Friday, 19 March 2010

game of death

One of the more interesting minor news items of the past few days—so interesting that I felt it necessary to ignore my own illness in order to comment—concerns a French TV documentary, Game of Death, which was aired recently on a major terrestrial channel in France. The program used eighty participants, each of whom thought they were taking part in a pilot for a new game show. It was filmed in front of an audience.

Each contestant, in turn, was led out before the audience and told that their role in what was to follow was to administer an electric shock to a man in an adjacent cubicle, whom they believed to be a fellow contestant and whom they could hear but not see, every time he gave a wrong answer to a question, the voltage being increased each time. The truly horrifying part of this story is that only 20 percent of the participants refused to continue before a potentially lethal final shock was administered.

What none of the participants knew was that there was no electric shock, and the man in the cubicle was an actor whose job it was to scream in pain as and when required. I have no wish to condemn those participants who were prepared to torture, even kill, another human being whom they did not know, especially as they were under pressure from a glamorous presenter, a man in a white coat (the universal code, even in porn movies, for a ‘scientist’), a studio audience baying for blood, and dramatic background music.

In fact, I can afford to be a little smug here. When an advance trailer for this item appeared on BBC World News, our TV had been set to ‘mute’ and all we saw were images of a slider being pushed up to maximum and a man writhing in agony. I was immediately reminded of the experiments conducted by psychologist Stanley Milgram at Yale University in 1961–62, purportedly to investigate how ordinary people can become mass murderers. The trial, in Jerusalem, of Adolf Eichmann had begun three months before the first experiments and probably inspired them, but in addition the actions of Reserve Police Battalion 101 in occupied Poland during the Second World War were just beginning to be more widely known; nevertheless, only professional historians and book editors are likely to be aware of that story, and only students of psychology (and book editors) are likely to be aware of the experiments, so any smugness on my part is simply not justified.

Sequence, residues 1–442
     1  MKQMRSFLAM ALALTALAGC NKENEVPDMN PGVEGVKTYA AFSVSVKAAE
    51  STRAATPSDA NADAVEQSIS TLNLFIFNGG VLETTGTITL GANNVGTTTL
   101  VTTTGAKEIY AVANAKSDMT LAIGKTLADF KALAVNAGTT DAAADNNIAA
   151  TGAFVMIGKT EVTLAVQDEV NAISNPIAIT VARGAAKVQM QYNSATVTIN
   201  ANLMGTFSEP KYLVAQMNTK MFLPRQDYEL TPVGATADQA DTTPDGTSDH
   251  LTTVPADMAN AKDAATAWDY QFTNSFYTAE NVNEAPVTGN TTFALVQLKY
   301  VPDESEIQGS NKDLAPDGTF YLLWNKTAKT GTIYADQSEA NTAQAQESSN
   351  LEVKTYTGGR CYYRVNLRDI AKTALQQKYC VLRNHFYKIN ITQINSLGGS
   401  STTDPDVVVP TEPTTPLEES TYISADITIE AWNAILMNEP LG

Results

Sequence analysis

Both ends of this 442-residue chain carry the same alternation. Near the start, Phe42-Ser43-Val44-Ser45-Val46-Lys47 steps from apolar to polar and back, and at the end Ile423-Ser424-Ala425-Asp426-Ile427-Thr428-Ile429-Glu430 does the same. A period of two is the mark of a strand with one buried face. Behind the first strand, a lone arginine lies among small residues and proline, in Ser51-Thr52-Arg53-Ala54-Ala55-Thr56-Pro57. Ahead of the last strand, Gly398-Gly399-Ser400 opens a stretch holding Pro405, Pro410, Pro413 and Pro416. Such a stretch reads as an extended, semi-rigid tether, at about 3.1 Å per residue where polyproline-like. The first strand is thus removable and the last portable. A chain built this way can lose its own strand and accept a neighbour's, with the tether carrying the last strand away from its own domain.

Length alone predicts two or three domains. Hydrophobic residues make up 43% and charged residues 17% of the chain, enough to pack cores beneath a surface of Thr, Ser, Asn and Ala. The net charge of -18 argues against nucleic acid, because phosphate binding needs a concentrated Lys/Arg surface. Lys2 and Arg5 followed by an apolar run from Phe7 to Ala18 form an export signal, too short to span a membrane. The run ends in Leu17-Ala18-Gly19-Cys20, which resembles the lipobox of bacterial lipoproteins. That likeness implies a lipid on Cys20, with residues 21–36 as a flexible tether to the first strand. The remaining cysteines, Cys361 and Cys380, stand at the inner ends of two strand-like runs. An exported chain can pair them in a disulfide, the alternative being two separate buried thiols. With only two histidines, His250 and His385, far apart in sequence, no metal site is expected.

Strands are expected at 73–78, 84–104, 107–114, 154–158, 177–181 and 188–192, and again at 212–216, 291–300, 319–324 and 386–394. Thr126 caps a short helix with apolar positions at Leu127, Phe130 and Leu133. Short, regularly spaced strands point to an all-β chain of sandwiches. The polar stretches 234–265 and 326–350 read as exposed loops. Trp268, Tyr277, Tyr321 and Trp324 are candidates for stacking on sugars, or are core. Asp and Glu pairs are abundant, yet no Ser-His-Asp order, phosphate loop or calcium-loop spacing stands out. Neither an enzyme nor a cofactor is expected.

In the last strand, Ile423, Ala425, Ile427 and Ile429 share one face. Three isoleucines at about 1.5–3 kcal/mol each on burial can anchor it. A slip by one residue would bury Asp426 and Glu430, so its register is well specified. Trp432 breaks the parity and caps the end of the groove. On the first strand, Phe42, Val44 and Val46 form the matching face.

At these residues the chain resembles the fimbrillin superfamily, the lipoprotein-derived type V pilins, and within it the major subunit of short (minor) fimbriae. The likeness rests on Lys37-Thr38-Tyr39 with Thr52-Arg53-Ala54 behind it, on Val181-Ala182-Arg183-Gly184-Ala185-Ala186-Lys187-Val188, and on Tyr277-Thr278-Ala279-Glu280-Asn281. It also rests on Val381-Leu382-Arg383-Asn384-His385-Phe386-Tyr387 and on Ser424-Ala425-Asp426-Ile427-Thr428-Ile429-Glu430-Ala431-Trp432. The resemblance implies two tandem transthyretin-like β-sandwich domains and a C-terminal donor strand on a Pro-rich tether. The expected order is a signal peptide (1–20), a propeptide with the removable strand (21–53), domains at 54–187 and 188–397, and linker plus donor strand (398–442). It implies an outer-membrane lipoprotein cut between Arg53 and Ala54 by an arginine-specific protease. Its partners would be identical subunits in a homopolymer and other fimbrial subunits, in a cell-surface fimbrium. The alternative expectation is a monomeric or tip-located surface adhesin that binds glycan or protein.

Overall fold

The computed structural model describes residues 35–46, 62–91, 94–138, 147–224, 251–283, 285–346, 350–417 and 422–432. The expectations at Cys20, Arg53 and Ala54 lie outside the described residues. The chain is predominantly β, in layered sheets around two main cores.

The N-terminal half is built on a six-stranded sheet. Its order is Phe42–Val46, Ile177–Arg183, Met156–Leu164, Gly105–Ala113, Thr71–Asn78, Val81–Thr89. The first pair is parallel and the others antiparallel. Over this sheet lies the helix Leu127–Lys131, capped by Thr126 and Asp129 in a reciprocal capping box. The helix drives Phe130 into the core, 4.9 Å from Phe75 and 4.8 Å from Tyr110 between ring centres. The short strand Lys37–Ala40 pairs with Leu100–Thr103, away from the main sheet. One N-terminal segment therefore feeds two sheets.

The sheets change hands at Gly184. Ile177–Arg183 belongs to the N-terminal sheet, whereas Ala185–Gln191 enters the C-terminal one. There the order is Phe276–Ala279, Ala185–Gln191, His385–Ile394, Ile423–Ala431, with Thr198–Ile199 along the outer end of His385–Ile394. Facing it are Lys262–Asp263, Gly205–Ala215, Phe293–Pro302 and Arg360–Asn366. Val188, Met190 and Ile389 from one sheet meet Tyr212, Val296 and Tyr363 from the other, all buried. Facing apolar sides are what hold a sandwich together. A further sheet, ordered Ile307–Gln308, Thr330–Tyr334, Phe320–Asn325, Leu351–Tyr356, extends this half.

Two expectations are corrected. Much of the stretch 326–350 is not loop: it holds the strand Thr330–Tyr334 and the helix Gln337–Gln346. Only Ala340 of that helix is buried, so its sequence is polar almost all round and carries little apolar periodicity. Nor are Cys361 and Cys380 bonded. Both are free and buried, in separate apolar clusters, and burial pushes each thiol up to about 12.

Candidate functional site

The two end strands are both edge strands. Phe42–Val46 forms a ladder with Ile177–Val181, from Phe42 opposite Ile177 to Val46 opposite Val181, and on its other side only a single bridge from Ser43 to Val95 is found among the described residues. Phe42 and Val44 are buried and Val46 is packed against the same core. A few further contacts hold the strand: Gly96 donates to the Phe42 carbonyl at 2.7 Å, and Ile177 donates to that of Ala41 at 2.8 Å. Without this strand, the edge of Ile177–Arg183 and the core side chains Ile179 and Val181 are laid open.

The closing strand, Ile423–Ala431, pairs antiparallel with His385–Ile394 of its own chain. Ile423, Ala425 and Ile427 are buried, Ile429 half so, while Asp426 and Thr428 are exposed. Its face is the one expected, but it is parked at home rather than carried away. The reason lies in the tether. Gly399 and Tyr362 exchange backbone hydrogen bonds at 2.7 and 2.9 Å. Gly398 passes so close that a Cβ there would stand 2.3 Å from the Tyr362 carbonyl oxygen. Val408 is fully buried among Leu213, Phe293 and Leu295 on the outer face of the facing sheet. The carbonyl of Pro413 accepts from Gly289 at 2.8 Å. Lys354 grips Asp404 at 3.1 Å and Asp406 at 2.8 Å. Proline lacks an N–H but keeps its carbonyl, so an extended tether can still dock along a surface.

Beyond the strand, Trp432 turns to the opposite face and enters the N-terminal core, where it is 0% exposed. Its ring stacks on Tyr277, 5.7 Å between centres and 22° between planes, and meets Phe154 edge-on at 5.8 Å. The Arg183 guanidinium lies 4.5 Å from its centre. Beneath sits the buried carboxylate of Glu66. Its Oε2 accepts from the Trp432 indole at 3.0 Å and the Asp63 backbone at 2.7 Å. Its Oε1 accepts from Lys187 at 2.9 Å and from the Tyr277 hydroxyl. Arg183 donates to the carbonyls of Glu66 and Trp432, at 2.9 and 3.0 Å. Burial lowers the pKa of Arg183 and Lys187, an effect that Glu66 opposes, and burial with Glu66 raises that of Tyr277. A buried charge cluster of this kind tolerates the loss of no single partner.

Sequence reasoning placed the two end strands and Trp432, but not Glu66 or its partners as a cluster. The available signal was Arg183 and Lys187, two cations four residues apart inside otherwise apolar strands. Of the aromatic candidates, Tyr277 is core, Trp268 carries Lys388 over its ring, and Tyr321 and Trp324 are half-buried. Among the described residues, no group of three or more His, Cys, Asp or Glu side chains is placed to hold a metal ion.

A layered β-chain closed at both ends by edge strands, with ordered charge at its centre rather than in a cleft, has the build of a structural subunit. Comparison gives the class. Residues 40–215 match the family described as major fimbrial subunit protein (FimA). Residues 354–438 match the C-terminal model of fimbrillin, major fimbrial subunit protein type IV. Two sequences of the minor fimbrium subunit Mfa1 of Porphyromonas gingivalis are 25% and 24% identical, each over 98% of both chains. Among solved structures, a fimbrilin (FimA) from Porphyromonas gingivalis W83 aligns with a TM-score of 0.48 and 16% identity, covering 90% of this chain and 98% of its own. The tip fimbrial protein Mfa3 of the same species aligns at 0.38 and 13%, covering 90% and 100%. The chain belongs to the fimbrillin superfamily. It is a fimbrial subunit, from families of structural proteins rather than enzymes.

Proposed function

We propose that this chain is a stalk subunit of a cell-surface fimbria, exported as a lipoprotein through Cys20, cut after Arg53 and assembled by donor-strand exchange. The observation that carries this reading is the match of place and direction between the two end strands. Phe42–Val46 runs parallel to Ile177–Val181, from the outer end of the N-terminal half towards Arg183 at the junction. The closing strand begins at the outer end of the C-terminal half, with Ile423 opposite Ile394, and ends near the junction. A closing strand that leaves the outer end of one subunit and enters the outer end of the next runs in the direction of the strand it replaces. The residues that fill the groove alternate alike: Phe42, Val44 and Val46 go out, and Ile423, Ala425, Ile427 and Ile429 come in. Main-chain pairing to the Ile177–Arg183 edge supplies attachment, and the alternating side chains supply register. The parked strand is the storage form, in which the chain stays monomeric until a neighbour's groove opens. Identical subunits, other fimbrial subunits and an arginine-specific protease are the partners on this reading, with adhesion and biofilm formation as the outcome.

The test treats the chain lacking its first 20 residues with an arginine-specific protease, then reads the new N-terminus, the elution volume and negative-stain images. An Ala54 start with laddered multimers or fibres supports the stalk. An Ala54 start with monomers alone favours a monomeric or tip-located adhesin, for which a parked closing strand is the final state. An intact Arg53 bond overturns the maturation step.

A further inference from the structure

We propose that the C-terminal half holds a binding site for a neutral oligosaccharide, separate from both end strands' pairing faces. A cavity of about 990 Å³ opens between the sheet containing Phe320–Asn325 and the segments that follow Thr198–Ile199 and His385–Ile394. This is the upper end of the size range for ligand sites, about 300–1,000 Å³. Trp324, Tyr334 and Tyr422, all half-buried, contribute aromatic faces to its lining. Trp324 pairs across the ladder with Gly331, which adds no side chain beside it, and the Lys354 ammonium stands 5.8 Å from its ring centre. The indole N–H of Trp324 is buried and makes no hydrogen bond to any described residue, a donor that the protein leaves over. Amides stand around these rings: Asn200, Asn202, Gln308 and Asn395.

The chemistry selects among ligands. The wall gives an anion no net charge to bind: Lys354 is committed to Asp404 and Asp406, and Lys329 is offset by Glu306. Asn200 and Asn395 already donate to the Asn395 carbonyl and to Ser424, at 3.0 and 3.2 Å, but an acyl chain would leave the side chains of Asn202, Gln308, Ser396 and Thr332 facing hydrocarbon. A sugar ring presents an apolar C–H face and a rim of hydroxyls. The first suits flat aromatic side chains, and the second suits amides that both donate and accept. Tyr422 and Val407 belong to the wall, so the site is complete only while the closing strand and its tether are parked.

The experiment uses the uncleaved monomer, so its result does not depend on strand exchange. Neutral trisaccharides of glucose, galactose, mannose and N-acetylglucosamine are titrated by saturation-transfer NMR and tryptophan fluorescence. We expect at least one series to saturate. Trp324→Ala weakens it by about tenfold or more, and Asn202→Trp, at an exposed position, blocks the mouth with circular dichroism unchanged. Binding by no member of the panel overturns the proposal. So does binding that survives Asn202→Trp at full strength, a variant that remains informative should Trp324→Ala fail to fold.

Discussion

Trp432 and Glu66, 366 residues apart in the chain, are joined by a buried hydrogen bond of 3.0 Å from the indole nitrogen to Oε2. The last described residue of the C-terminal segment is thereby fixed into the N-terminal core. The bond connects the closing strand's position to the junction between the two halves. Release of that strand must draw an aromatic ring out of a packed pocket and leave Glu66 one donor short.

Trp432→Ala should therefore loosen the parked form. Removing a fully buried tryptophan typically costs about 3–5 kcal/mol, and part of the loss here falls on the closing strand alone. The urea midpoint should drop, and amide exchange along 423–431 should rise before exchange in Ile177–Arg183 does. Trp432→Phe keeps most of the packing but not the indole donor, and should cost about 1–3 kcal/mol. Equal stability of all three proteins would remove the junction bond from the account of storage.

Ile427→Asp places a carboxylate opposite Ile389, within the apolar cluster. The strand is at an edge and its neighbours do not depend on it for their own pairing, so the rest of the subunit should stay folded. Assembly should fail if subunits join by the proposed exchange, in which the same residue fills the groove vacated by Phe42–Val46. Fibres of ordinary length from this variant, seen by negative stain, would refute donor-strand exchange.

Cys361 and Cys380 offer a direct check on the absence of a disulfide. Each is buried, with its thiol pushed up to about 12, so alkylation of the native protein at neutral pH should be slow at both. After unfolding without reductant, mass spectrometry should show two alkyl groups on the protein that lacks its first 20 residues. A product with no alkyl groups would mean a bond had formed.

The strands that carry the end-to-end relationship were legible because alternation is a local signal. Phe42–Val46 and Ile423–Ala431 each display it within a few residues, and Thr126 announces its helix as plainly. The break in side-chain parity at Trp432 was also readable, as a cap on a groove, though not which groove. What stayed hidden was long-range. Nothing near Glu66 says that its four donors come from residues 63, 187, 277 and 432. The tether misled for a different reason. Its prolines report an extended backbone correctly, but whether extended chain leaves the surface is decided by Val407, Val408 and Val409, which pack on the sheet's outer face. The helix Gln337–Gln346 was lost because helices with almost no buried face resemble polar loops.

There are several points to be made here: first, in Milgram’s experiments, only 65 percent of participants went ‘all the way’; the higher figure in the TV program is likely to have been influenced by peer pressure and the widespread infatuation among the public with so-called ‘reality’ television and celebrity.

Second, no university ethics committee would countenance this type of experiment nowadays, because there can be no guarantee that participants will not be traumatized by their experience. Milgram’s experiments were controversial at the time for precisely this reason. Unfortunately, TV companies are not constrained by such niceties; viewer figures are the only yardstick of success. And it is almost certain that some participants in the bogus game show will have continuing psychological problems as a result of their experiences.

Third, in both cases the experiments established that people can behave in appallingly inhumane ways given the right circumstances, but this was already known, and the much more important question of why people do behave in this way remains unanswered.

Finally, it should be noted that extreme public humiliation is a key ingredient in all successful reality shows, whether it be The Apprentice, Big Brother, America’s Next Top Model, Survivor or countless others. It is what the audience expects. And what participants are more than happy to endure in the pathetic belief that they will become ‘famous’. Personally, I find it all not just depressing but actually disgusting: prurient interest provided for and regarded as somehow important. Nothing could induce me to watch a single episode of any reality show, and I’ve never even heard any of the winners of The X Factor, Pop Idol or American Idol. I have much better things to do. And I certainly don’t take kindly to crude efforts to manipulate my emotions by pernicious nonsense that belongs in the garbage.

3 comments:

  1. Dennis, I hadn't heard about this game. It's frightening to think of how much further we will go with these reality shows. How much more time will it take before the pain is real?

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  2. This is absolutely vile. Are there depths to which humanity will not sink? I begin to doubt it. If real gladiatorial contests were allowed I'm sure they would prove popular.

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    Replies
    1. ...especially if the audience is given a vote as to whether the losing gladiator lives or dies! Vile is exactly right.

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